Kolob Canyons Drive

kolobmap picture

Round-trip 10.6 miles (17 km)
Allow 3/4 hour

Welcome! This guide takes you through 10 stops along the Kolob Canyon scenic drive. Numbered arrowheads on posts mark each stop.

In this spectacular section of Zion National Park you'll see sheer, narrow canyons and forested plateaus where striking orange-red cliffs contrast sharply against the blue sky and green valleys. Here you can explore over 30,000 acres of canyon wilderness that is still home to mountain lions, mule deer and golden eagles. You can reach the world's largest freestanding arch by hiking 7 miles (11 km) into the heart of the Kolob Canyons. This road guide offers you insight into Zion's history, geologic past, and the park's varied plant and animal life.

Drive carefully. The road ascends 1100 feet (335m) in 5 miles (8km) with moderately steep grades and many curves. Several stops are on the opposite side of the road; use caution when crossing to a pullout. Watch for rocks on the road, especially after heavy rains or during snowmelt. Expect deer to cross the road during morning and evening hours. Have a safe and enjoyable visit in Zion National Park!

The National Park Service protects and manages unique cultural, historic and natural areas that are preserved for public use. Please help take care of these national treasures so they will remain unchanged for future generations.

  1. You're now driving along the Hurricane Fault, a 120 mile (192 km) long fracture in the Earth's crust. The Hurrican Cliffs are the tall, gray precipices along this fault. These cliffs are predominantly Kaibab limestone, formed from limey solutions laid down in a shallow ocean. Land east of this fault was raised over one mile. Have you ever witnessed the quick and powerful destruction of an earthquake? Unlike an earthquake, most crustal movement along faults occurs very slowly.
  2. Look on the hillsides above Taylor Creek. Growing here is a pinyon-juniper woodland. Notice the wide distances between the evergreen trees and the lack of undergrowth. This spacing reduces competition for water. Many plants on these poor, rocky soils have shallow, spreading roots that quickly soak up summer rains. The cottonwoods along the creek sink deep taproots to utilize underground water. Waxy coatings on leaves and a smaller leaf surface area reduce water loss in many shrubs like mountain mahogany, manzanita and shrub live oak.
  3. This is the Taylor Creek drainage. The peak on the left is Horse Ranch Mountain (8726 feet, 2660m), Zion's highest point. In the middle is Tucupit Point. The tall spire on the right is Paria Point. The sheer cliffs are primarily composed of Navajop sandstone. On this drive you'll see many colorful rock layers: sandstones, siltstones, limestones and lavas. Each was deposited in environments ranging from lakes and streams, to deserts and shallow seas.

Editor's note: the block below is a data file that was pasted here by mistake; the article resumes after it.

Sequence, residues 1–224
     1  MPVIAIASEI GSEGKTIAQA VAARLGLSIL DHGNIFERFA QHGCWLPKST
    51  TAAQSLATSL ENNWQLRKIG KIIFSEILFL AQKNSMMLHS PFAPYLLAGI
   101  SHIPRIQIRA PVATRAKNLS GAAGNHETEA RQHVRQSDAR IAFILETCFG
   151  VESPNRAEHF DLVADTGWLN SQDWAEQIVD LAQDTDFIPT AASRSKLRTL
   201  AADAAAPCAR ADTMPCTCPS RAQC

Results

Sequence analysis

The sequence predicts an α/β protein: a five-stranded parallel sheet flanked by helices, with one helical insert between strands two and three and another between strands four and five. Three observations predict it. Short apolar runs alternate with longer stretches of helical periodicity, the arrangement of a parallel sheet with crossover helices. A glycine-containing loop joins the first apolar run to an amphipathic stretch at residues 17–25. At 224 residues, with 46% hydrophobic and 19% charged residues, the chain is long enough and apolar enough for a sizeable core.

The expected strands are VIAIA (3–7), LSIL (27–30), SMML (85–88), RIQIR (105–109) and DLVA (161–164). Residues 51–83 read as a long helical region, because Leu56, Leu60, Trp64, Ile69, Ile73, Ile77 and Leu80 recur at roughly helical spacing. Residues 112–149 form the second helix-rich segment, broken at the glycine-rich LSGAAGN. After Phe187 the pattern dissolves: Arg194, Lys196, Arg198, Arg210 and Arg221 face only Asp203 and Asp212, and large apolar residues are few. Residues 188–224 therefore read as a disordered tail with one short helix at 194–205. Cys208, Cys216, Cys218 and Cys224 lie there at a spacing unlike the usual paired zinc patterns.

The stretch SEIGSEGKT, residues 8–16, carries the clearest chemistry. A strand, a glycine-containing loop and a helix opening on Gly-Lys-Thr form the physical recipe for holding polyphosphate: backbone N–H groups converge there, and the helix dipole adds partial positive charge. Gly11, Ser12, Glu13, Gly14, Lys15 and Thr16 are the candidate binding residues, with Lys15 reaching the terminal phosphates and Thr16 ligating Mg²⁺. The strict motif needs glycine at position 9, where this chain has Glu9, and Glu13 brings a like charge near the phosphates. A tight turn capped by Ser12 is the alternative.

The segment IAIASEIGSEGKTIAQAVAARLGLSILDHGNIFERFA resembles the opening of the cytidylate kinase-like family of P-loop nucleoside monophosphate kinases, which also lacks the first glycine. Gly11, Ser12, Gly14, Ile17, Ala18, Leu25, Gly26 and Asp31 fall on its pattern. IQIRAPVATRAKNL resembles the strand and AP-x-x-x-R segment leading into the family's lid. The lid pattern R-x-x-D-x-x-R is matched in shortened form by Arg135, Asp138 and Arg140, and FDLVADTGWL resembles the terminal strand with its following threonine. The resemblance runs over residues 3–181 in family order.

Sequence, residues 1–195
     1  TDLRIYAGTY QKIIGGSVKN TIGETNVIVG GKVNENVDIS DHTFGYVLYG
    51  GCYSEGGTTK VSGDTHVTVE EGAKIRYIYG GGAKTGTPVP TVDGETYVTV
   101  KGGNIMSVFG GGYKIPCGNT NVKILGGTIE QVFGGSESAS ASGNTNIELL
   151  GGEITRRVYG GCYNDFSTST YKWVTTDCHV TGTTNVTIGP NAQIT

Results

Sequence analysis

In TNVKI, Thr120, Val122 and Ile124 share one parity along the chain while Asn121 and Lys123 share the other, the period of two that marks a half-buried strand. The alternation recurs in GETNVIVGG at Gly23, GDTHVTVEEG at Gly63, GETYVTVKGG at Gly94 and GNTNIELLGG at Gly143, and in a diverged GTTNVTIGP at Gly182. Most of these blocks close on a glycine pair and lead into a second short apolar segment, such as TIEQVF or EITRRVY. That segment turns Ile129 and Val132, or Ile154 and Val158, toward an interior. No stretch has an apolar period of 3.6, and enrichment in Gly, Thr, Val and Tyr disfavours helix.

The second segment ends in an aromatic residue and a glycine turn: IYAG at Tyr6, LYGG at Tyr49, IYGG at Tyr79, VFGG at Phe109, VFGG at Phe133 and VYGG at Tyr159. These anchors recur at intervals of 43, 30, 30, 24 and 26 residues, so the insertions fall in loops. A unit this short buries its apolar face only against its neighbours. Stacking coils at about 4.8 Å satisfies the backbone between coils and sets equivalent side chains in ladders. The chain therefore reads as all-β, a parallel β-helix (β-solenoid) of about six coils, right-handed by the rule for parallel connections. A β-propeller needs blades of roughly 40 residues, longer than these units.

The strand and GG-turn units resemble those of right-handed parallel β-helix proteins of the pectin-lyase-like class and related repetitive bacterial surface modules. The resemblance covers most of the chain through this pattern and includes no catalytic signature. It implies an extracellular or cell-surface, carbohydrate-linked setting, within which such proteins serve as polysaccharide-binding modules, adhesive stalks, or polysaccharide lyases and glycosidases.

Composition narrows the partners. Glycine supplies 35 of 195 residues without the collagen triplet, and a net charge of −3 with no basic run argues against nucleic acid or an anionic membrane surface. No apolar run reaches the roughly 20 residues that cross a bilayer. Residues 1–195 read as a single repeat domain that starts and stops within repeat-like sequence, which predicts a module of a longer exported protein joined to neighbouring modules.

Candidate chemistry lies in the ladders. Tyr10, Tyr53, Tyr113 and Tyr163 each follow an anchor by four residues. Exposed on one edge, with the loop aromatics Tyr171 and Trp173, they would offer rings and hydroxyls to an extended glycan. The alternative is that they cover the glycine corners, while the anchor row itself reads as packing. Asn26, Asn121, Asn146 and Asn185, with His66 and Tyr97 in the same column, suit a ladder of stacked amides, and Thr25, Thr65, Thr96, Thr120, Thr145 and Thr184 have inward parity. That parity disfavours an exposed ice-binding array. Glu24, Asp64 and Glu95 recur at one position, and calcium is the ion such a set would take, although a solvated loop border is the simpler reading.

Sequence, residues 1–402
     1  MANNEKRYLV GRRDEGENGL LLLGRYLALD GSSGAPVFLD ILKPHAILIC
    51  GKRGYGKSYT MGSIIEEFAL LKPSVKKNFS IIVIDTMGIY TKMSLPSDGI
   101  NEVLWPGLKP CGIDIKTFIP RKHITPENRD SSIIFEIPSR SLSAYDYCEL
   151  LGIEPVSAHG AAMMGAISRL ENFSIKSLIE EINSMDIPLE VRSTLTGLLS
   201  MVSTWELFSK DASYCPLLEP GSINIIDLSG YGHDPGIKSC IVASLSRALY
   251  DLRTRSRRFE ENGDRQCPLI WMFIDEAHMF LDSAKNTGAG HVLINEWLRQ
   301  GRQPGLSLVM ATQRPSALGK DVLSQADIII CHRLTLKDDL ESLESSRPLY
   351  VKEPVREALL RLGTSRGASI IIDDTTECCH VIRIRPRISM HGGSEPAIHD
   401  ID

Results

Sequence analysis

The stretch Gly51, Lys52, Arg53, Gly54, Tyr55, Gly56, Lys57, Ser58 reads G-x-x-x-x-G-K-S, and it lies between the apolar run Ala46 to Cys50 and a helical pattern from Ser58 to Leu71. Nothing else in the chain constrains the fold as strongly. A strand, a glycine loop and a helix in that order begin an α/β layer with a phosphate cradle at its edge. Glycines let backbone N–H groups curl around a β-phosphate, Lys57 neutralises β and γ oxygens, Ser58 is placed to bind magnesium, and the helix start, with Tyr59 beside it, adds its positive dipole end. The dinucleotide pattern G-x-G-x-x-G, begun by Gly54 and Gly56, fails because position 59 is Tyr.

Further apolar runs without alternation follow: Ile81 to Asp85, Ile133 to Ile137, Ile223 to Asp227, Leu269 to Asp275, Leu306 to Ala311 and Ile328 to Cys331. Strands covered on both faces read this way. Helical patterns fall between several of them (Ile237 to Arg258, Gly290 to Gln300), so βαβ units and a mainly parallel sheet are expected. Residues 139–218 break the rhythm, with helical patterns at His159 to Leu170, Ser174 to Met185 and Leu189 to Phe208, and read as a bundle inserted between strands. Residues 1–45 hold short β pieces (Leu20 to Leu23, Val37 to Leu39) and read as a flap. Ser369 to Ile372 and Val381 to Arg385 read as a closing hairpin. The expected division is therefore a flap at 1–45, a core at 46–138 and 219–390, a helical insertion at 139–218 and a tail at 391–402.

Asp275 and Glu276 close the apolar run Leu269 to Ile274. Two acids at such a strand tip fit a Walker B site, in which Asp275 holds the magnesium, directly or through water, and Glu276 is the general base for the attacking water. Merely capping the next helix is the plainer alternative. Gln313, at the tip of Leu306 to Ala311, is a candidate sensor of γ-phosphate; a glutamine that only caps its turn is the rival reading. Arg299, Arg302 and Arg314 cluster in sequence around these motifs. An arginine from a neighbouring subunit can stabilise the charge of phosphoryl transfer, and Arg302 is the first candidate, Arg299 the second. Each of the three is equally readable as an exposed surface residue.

4. The South Fork of Taylor Creek is a box canyon - a place where sheer rock walls over 1500 feet (457m) high prevent passage. The meager creek that flows from this canyon hardly seems capable of cutting such a deep, magnificent canyon; yet water was the principal carving agent. In full flood stage, such creeks can change into raging torrents, carrying tons of rock downstream and scouring the valley deeper and wider.
  5. Look at the tilted layers of rock where the road cuts through the hillside. Imagine the powerful forces that caused these rock strata to move, fold and tilt. The Earth's crust is not a stable fixed shell. It is in constant motion as continents inch slowly along the surface, mountain ranges rise, and suboceanic rock layers sink to molten depths. The multicolored rocks of this roadcut are part of the Kayenta formation, layers of siltstones and sandstones that were deposited by streams.
  6. Observe how the lines on the rock wall across the canyon sweep and curve at angles. This cross-bedding is evidence that the rock was probably deposited as sand dunes, and represents the top of dunes as the wind blew sand across them. Over 2000 feet (605m) of sand was laid down as the whole region continued to drop below sea level. After another ocean invasion, limey solutions from the sea water seeped into the dunes and cemented the sand grains together.
  7. Look up this side canyon and you'll see several large arched alcoves. Some sandstone layers are not as compact as others. Groundwater seeps through such layers and erodes shallow recesses into the canyon walls. Under certain conditions these alcoves may become arches. The tremendous weight of the cliff above the alcove's roof causes tensions which create a curved ceiling. If a fracture is present above and behind the alcove, running water may eventually create a gap between the alcove and the cliff, producing a freestanding arch.
  8. Locate Timber Top Mountain from the overlook exhibit. Looking from the valley to the mountain top you'll notice differences in the plant communities. On its lower slopes, Utah juniper, pinyon pine, Gambel oak and sagebrush grow in a hot, dry environment. Aspen, white fir, Douglas fir and ponderosa pine grow in the hanging valleys and on ledges where the shady, northern exposure results in cooler, wetter conditions. Similar nicroclimatic conditions on its 8000 foot summit allows forests of fir and pondderosa pine to grow. These same trees are found at much lower elevations in the northern states.